Why Are Periods and Commas Put Inside Quotation Marks?

Why are periods and commas put inside quotation marks and exclamation points and question marks put outside the quotation marks?

I’d never pondered this question until recently — I just followed the punctuation rule — but now the rule so often seems illogical.

For example: Did you read my short story “The Willow”? This is the logical placement of the end punctuation, right? The title of the short story (which is published in the Change is in the Wind anthology, by the way) has no period in the title, but if I rephrase the sentence to make it a statement, it seems as if there is a period after the title. I hope you read my short story “The Willow.”

Apparently, this rule of placing periods and commas inside quotation marks is only practiced in the USA. In Britain, they do things differently, but since my books and blogs are mostly read and rated by those in the USA, that’s the rule I have to follow, even if it’s (sometimes) against my inclination.

It is an outdated rule. Apparently, when type was set by hand for printing, if the period and comma were placed outside the quotation mark, the delicate pieces were in danger of getting bent out of shape, knocked out of place, or broken off, and so were placed inside the quotation marks for protection. With electronic type, there is no danger of punctuation marks wandering astray, but still the rule lingers.

No one seems to care one way or another about this anachronistic placement, but since it’s one of those rules so many people don’t seem to remember, I have a hunch period and comma placement will become a non-issue, with everyone simply doing as they please.

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Pat Bertram is the author of the conspiracy novels Light Bringer, More Deaths Than One, A Spark of Heavenly Fire, and Daughter Am I. Bertram is also the author of Grief: The Great Yearning, “an exquisite book, wrenching to read, and at the same time full of profound truths.” Connect with

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10 Responses to “Why Are Periods and Commas Put Inside Quotation Marks?”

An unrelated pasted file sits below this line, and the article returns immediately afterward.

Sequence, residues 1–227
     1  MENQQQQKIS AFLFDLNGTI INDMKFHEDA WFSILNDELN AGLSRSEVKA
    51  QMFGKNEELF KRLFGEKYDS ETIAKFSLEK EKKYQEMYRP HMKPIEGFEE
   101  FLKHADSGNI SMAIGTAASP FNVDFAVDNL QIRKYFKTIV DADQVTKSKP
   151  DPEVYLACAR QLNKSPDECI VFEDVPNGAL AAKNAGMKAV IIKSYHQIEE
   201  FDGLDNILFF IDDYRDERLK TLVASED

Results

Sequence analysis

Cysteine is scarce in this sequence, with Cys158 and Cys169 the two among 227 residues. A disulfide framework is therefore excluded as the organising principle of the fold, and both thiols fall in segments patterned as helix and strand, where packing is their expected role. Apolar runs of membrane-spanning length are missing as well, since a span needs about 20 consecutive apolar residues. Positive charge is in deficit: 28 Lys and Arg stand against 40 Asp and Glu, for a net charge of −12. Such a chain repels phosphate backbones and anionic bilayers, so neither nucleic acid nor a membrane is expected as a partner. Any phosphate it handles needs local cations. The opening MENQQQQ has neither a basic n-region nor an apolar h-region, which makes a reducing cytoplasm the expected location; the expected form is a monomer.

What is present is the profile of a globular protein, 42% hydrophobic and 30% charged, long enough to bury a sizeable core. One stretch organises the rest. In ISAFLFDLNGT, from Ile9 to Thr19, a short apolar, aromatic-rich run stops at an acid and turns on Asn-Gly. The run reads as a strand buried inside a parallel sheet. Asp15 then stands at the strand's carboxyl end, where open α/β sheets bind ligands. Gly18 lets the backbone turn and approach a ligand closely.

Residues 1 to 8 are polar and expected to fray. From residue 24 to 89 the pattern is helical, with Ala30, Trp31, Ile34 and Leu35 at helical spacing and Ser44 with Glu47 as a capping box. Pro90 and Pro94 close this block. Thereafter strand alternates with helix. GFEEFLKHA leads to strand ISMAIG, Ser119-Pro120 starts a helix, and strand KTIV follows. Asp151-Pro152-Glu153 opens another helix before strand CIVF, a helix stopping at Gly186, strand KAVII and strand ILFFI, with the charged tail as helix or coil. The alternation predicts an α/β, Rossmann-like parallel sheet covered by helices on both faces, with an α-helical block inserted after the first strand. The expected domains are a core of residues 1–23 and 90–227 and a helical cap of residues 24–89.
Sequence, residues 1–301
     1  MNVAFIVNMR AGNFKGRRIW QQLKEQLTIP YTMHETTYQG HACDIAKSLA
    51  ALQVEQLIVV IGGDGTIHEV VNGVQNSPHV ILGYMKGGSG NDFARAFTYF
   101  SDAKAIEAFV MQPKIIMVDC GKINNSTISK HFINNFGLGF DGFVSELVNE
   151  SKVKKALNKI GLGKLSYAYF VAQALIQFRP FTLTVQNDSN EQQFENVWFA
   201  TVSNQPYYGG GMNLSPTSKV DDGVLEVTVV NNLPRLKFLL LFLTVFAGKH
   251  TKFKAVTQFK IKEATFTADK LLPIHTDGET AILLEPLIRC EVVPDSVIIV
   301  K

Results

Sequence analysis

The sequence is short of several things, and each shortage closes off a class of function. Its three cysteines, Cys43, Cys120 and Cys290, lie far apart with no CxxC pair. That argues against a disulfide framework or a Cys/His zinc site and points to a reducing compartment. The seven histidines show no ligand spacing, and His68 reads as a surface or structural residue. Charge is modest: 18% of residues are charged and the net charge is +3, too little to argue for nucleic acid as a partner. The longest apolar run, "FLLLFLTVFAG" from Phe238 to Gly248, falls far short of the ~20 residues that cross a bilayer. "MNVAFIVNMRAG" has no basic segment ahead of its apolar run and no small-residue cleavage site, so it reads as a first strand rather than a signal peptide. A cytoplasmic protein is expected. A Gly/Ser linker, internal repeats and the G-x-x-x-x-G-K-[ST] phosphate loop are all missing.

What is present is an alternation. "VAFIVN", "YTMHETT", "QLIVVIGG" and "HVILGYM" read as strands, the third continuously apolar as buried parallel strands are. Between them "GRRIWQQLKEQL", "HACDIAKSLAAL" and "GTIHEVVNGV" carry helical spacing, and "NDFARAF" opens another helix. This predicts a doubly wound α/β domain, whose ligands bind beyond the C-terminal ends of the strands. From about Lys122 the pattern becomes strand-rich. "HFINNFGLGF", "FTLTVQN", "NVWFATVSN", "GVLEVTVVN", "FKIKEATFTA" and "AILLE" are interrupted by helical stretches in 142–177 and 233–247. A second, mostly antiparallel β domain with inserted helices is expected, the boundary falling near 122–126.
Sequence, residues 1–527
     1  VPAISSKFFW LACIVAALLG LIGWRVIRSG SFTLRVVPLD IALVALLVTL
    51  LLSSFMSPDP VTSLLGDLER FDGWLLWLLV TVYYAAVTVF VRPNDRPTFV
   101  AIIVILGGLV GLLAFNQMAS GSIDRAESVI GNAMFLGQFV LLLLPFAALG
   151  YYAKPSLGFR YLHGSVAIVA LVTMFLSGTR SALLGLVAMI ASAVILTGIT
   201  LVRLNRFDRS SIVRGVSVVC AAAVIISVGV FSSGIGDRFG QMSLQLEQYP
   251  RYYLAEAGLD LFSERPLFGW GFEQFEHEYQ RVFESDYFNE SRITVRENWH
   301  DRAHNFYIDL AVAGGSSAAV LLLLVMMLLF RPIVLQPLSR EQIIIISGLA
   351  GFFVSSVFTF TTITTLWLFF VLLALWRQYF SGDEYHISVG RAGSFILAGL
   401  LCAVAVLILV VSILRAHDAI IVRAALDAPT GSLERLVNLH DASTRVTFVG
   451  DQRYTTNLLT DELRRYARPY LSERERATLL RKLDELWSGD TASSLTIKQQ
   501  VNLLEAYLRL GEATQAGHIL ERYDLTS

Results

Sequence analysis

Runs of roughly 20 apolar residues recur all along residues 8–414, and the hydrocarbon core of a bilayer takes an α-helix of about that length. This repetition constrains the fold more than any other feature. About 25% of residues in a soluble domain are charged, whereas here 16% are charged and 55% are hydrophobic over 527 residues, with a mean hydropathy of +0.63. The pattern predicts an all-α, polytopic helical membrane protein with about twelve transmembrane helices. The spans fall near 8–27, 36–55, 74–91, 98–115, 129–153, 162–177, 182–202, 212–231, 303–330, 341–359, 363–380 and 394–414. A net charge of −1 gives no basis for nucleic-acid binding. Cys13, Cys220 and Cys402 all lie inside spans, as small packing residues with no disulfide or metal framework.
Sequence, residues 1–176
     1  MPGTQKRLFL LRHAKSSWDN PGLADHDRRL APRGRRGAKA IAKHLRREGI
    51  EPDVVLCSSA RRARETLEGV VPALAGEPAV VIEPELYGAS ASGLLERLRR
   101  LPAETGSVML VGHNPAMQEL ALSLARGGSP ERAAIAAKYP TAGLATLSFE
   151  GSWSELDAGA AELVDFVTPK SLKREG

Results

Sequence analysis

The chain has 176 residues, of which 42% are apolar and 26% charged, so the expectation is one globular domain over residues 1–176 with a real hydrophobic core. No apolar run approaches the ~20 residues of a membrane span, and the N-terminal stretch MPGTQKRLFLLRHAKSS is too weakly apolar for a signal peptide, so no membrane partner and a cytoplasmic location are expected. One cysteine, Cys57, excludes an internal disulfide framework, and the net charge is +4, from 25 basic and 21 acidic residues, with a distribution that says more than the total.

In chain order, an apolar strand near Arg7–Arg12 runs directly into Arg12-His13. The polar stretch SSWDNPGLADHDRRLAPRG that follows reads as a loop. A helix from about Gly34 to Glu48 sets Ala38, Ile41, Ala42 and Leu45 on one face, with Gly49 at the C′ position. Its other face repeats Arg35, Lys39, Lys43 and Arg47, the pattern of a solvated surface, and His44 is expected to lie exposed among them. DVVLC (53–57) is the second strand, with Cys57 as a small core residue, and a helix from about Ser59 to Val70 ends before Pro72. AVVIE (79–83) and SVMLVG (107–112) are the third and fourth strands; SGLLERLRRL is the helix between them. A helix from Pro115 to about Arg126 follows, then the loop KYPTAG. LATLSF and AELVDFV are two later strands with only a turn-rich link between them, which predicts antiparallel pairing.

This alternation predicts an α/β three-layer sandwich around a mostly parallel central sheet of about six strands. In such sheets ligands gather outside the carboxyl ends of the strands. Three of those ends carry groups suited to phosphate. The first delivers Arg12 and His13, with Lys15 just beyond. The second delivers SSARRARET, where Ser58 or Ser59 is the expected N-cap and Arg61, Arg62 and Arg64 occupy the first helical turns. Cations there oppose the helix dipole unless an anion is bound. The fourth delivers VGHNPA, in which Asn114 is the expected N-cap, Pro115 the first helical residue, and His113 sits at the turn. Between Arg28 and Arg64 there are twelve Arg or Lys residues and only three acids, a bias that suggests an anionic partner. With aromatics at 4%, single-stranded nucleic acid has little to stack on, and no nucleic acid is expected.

1. shadowoperator Says:

    I’m afraid I’m a bit more of a purist, prone to follow Strunk and White in “The Elements of Style” and Sheridan Baker in “The Practical Stylist” and the thought of everyone just punctuating any old way gives me shudders. Your history of the reasons why things arose the way they did, however, is quite interesting.

    • Pat Bertram Says:

      With so many people self-editing or not editing at all before they publish, the traditional grammar styles are slowly being eroded. I’ll stick with the traditional ways. Makes things easier.

      • shadowoperator Says:

        Yes. What also helps consistency (but gets me confused sometimes when I’m making a particular choice) is that the question mark and exclamation point also go inside the quotation marks if they are part of the punctuation of the sentence. Or so the style books say. But you’re right about the British system, it seems to be almost the polar opposite, as well as using double quotes where we use single quotes, and conversely single quotes where we use double quotes. You wonder who ever thought up all this stuff anyway. Must’ve been a true punctuation advocate!

  2. Carrie Rubin Says:

    I wrote a post on this subject myself, as I found the whole thing a bit confusing. But I think I’ve got the rules down now, though, like you, I think our American way is odd.

  3. rami ungar the writer Says:

    I’ve been wondering myself about this recently. Thanks for telling me the history; from now on I’m doing this the logical way–because somebody has too!

  4. joylene Says:

    A lot of writers take this stuff very seriously. I, for one, think we use too many commas. But you know that because we’ve had this conversation before, or have we? haha

    Ah, the life of a writer.

    • Pat Bertram Says:

      It seems as if some people take all of this too seriously, and others don’t take it seriously enough. A lot of self-published authors seem to make up their own rules since they have no editors keeping them to the usual standards, which is adding to the normal language slippage.

  5. John Philipp Says:

    Pat, as you know I write a weekly newspaper column. There the convention is for a series of words like x, y and Z that you leave out the comma before the and (just the opposite in fiction) so it drives me crazy.

    For newspapers it’s all part of “saving space.” Just like most numbers are numeric and in fiction they are spelled out. Same reason, save space.


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